·           Service Rifle – any iron sighted rifle on a military receiver/bolt action in most military calibres under 8 mm. Typically these include:

·                   .303 British

·                   30.06 Springfield

·                   7.62 x 51 NATO (.308 Winchester)

·                   5.56 x 45 NATO (.223 Remington)

·                   7.62 x 39 mm Russian

·                   7.62 x 54 mm Russian

·                   6.5 x 55 mm Swedish

·                   7.92 mm Mauser (Commonly known as 8 mm Mauser) etc

These rifles can include conversions from original military calibres to other military calibres eg .303 to 7.62 x 39 mm.

Non Service Rifle -

·         any commercially available bolt action rifle that conforms to

Standard Shooting Rules. This includes telescopic sighted and iron sighted rifles or military rifles in the Service categories above but using tunnel foresights.

4. Ranges and Positions

The following shooting positions are to be adopted at the firing point at these corresponding ranges unless the type of shoot or the range officer directs otherwise. People of extreme age or disabiltiy can be accommodated with relaxation of these rules when the range officer is consulted.

·           50 and 100 metres standing

·           200 metres sitting or kneeling

·           300 and 400 metres prone unsupported or supported depending on the shoot.

5. Ammunition

Shooters generally supply their own ammunition but some clubs may sell cheap ammunition to their own members. If you are shooting a caliber where factory ammunition is expensive eg 6.5 mm Swedish, you may wish to reload.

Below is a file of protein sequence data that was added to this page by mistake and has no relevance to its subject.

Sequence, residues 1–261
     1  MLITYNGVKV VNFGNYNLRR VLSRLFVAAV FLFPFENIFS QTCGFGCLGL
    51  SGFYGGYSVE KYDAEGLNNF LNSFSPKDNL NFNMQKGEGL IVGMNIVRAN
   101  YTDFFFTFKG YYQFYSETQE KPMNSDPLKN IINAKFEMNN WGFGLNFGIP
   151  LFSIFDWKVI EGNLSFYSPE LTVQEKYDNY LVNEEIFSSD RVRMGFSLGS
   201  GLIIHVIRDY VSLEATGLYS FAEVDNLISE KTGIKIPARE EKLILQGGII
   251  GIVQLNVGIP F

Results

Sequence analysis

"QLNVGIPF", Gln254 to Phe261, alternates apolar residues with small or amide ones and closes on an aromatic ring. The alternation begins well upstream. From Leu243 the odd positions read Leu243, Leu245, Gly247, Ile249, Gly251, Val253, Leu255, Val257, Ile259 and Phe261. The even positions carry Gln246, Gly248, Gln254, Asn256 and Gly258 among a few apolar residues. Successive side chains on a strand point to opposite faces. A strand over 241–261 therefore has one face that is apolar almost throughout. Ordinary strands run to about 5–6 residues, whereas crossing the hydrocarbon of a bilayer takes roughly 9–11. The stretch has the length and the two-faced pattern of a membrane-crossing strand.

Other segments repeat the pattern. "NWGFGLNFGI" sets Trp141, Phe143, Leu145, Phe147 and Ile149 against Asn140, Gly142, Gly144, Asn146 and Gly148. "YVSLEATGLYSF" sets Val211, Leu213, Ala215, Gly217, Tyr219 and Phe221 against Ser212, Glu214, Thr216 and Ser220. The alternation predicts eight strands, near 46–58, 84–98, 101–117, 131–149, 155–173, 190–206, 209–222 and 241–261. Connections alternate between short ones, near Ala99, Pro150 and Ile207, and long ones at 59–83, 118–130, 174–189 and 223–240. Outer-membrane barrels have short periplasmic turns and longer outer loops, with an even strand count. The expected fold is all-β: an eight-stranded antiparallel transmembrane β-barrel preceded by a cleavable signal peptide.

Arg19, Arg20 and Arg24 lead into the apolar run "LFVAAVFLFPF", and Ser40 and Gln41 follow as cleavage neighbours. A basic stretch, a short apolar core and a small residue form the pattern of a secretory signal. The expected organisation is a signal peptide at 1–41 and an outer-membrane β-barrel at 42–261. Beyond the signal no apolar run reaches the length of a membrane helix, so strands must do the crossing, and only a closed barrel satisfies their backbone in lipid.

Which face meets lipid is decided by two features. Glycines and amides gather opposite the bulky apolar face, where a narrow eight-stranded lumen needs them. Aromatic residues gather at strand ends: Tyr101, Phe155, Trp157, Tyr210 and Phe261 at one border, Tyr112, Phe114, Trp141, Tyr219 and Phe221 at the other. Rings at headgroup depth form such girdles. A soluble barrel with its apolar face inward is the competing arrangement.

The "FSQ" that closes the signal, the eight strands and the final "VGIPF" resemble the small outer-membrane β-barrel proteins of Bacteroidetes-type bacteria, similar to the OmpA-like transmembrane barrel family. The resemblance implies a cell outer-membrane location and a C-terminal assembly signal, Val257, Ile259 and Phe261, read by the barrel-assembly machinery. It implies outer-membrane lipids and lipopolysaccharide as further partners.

If you wish to start reloading, do not immediately take the advice of hot shots who advise shooting maximum or above loads published in handbooks. Take some time and work up loads from 10% to 15% below maximum, particularly if you are shooting old military rifles. Use the slowest rated propellent that gives the optimum velocity recommended for your caliber/projectile choice. You will find a suitable, milder load that gives you better barrel life, less recoil and better scores.  Taipan projectiles are inexpensive, accurate and Australian made as are ADI powders. You can also buy excellent, inexpensive, reloadable match ammo in .223 and .308 from the NSWRA Shop.

If you choose to shoot Sellier and Bellot .303 factory ammo and then reload, be advised that it has quite brittle brass and three reloads are all you can reasonably expect before the likelihood of case head separations ie where the brass case splits in two; a potentially dangerous situation.

6. Butts Duty

In order to keep costs down, we take turns to mark our own targets at our shoots. This is not an onerous task and provides the opportunity to get to know members from other clubs and exchange banter, jokes, lies etc.